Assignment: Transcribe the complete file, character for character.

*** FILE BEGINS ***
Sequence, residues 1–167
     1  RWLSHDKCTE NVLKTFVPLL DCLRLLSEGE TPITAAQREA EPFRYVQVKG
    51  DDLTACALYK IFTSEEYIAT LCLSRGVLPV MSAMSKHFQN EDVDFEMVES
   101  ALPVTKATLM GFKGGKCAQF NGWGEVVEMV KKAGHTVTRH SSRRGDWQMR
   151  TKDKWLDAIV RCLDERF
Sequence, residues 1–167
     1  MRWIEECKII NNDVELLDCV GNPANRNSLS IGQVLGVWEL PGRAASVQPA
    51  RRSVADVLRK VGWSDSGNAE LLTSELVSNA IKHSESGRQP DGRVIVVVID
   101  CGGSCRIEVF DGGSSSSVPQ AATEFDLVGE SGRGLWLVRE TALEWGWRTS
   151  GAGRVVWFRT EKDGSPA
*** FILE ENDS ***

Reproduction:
Sequence, residues 1–167
     1  RWLSHDKCTE NVLKTFVPLL DCLRLLSEGE TPITAAQREA EPFRYVQVKG
    51  DDLTACALYK IFTSEEYIAT LCLSRGVLPV MSAMSKHFQN EDVDFEMVES
   101  ALPVTKATLM GFKGGKCAQF NGWGEVVEMV KKAGHTVTRH SSRRGDWQMR
   151  TKDKWLDAIV RCLDERF
Sequence, residues 1–167
     1  MRWIEECKII NNDVELLDCV GNPANRNSLS IGQVLGVWEL PGRAASVQPA
    51  RRSVADVLRK VGWSDSGNAE LLTSELVSNA IKHSESGRQP DGRVIVVVID
   101  CGGSCRIEVF DGGSSSSVPQ AATEFDLVGE SGRGLWLVRE TALEWGWRTS
   151  GAGRVVWFRT EKDGSPA